"Dames of ancient days / Have led their children
through the mirthful maze
– The Traveller by Oliver Goldsmith, 1764
|| A maze visitor treks through the stalks
maze leads us in all sorts of unexpected directions. Twisting
and turning, sending us around corners and in circles, it
requires us to think logically to find our way out. When put
that way, a maze might not seem like much fun. But anyone
who has ever made it through a corn maze in the autumn knows
it's all fun and games.
What precisely is a corn maze? Exactly as it sounds — twists,
turns, corners and dead ends made up of corn plants tall enough
to get a little lost in. As the autumn leaves begin to turn lovely
reds, yellows and oranges, visitors flock to farms and pumpkin
patches to get all turned around.
Planting and Design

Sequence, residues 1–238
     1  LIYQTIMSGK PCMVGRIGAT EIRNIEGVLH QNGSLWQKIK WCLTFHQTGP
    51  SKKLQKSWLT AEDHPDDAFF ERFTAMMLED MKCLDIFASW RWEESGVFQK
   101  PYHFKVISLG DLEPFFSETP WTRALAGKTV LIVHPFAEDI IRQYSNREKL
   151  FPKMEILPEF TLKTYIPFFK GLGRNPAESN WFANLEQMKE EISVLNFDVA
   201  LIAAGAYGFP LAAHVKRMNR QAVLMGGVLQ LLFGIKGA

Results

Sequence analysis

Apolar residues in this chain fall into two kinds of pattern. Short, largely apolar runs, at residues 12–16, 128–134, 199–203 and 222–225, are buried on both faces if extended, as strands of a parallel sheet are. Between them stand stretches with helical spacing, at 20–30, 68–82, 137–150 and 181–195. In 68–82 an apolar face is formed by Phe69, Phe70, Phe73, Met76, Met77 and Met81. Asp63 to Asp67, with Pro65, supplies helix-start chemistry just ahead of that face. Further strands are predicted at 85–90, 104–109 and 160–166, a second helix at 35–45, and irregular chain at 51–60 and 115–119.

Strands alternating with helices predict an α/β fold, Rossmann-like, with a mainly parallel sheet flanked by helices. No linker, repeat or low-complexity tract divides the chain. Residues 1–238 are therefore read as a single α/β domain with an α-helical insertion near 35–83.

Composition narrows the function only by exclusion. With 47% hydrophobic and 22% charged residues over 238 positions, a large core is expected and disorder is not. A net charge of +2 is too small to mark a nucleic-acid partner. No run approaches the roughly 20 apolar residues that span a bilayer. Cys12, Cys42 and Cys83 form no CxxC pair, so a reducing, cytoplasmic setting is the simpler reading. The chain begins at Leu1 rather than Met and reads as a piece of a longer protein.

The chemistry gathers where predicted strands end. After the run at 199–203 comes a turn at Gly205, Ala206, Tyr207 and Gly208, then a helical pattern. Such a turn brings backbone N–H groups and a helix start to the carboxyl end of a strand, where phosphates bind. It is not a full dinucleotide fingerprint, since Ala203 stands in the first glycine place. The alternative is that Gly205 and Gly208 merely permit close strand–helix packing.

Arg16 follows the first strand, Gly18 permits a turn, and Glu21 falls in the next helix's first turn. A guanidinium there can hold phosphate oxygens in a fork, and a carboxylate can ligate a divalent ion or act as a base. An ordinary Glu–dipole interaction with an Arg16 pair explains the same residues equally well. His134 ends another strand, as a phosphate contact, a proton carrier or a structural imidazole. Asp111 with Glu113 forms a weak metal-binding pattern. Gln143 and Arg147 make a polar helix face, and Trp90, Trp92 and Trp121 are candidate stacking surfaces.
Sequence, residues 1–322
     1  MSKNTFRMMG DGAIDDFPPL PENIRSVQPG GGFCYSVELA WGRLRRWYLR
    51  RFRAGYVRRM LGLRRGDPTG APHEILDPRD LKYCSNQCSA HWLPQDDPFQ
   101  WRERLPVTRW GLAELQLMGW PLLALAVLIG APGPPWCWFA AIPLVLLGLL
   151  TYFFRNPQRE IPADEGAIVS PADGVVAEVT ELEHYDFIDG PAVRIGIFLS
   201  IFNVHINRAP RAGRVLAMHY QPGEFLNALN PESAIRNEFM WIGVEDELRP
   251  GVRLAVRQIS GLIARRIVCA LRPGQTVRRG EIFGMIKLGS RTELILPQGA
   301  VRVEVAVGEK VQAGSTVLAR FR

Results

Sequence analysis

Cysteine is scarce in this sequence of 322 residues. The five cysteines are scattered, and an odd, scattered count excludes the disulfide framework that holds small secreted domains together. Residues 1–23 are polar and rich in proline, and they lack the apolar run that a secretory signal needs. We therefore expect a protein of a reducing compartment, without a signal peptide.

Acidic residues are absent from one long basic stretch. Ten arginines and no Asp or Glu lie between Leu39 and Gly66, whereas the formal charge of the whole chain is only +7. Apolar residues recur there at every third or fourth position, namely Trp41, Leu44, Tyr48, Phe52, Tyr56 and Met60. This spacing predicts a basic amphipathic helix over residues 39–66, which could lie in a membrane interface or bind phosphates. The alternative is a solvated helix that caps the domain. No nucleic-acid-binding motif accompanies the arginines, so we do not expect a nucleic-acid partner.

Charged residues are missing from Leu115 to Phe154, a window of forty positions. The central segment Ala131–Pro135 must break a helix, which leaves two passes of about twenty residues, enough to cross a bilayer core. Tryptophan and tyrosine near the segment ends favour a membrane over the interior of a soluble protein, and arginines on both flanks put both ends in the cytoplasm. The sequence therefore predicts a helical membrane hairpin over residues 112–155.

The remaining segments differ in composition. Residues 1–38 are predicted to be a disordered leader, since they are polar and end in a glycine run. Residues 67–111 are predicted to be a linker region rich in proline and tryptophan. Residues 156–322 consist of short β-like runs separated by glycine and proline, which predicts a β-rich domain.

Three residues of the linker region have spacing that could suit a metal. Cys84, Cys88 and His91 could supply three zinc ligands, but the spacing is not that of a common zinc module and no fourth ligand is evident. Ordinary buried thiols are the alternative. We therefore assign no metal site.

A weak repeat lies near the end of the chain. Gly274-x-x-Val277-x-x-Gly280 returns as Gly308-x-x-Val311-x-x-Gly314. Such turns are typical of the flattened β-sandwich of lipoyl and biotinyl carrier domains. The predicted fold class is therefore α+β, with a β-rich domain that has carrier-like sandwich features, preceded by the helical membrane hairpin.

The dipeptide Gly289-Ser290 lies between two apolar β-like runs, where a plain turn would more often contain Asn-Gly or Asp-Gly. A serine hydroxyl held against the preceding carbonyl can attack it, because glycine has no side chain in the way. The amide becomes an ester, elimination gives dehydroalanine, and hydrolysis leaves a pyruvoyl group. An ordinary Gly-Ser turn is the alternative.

Growing corn that will be cut into a maze is a little different from growing corn for food production. Corn grown for a maze is usually planted two to three weeks later than corn grown for other uses. This helps ensure the stalks stay strong later into the growing season. This is important because many of the farms that feature corn mazes aim to stay open and attract as many visitors as possible until late in the harvest season, and usually until Halloween. Also, corn planted later generally keeps its green foliage longer. The greener leaves have more moisture content, which helps decrease fire potential.